Async Web Apps for the Masses: Running Vert.x on OpenShift

Hey Shifters! No fancy titles this time, just straight up, old-fashioned, introduction to bringing up my new favorite App Server on the planet. If you haven’t heard of Vert.x then you are missing out and that makes me sad. So today I will give you a short introduction to Vert.x and how to run an application on OpenShift. In a future post I will show you a more advance application I built which uses the excellent FlightStats APIs to track all the United flights and move them around on a map using WebSockets.

Introduction to Vert.x

My colleague Marek likes to quote upstream project sites to introduce new technology, and since he is brilliant, I will do the same. From the Vert.x site:

Vert.x is a lightweight, high performance application platform for the JVM that's designed for modern mobile, web, and enterprise applications.

I think the only helpful piece of information in there is that it runs on the JVM, so you can run it anywhere you can run Java (which is just about anywhere). If I were to write the definition it would be something more like:

Vert.x is a polyglot, asynchronous as well synchronous, small footprint, high performance application server built to make modern application development just simple enough

This is still filled with jargon but it gets more at the reasons why I love Vert.x. Let’s go into more detail on some of these points

Polyglot

Vert.x comes out of the box with Java, JavaScript (JS), Ruby (via JRuby), Python (via Jython), CoffeeScript, Scala, Clojure, and beta support for PHP. I have only used the JS, Java, and Python on Vert.x so my comments mainly apply to using those languages. At this time, until the Jython Community get’s to a 2.7 release I think Python on Vert.x has limited utility now for all but the most simple of programs.

Verticles

A verticle is the smallest bit of code that you can run but it can also be an entire application. For now we will consider it an application. Many verticles can run in the same Vert.x instance. It can be composed of many lines of code or could be a few lines, written in any of the languages Vert.x supports. Figure 1 shows a basic schematic of verticles and some of their features.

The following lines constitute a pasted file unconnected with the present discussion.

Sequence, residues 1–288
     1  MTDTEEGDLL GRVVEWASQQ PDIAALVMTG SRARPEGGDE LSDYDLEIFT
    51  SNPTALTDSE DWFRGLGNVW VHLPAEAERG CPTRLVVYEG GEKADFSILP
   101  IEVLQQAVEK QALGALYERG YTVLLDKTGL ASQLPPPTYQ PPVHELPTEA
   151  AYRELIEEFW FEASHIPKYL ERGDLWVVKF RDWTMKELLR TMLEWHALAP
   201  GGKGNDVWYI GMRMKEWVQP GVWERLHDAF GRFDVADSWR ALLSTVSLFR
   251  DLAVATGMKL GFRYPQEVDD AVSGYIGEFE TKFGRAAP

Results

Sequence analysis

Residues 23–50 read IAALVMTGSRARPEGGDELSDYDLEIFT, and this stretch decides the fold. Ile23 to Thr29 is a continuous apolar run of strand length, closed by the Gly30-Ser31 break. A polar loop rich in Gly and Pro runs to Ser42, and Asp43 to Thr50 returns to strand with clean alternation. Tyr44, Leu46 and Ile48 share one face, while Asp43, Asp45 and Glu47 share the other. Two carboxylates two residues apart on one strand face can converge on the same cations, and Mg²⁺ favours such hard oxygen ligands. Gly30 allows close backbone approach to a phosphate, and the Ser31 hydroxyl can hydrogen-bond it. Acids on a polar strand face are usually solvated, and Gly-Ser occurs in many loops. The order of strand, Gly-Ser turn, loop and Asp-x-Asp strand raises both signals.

Diagram of verticles in vert.x on OpenShift

There are two types of verticles, the standard verticle and a worker verticle. Writing applications on standard verticles should never block the event loop – they are like a Node.js application. But unlike a Node.js server, worker verticles give you the ability to smoothly handle more traditional blocking code. The worker verticle has a pool of threads that it pulls from to handle tasks assigned to it. This way you can write more numerically intensive verticles or ones that you want to block waiting on response, like a DB call.

Each verticle has it’s own event thread and it’s own class loader. This means that each verticle inside a Vert.x instance are effectively isolated from each other.

Modules and EventBus

Verticles can be combined into modules and within each modules the verticles can be in different languages if needed. Modules tie together several verticles to make a more complete application. Once again, a Vert.x container can run multiple modules, verticles, or any combination of the two. Figure 2 shows two different modules running in the same Vert.x container.

Diagram of vert.x modules and eventbus on OpenShift

You may be wondering, “If everything is isolated how do you share data between the pieces”. The Vert.x answer to this is the EventBus. When Vert.x spins up it uses Hazelcast to discover all the entities it needs to talk to and then establishes EventBus connections. Your verticles can then publish or subscribe to channels on the EventBus. To create, publish, or subscribe to messages on the EventBus you just use a plain text string to identify the channel and then create a handler to either publish or subscribe to the channel. Vert.x will create the channel on the fly. Here is an example in JavaScript that registers to receive messages on “MyChannel”:

vertx.eventBus.registerHandler('MyChannel', function(message, replier) {
   replier('pong!');
});

And this is how easy it is to publish events (this example in Python):

from core.event_bus import EventBus
...
EventBus.publish('MyChannel', mydata)

The recommended data type to send over the EventBus is JSON.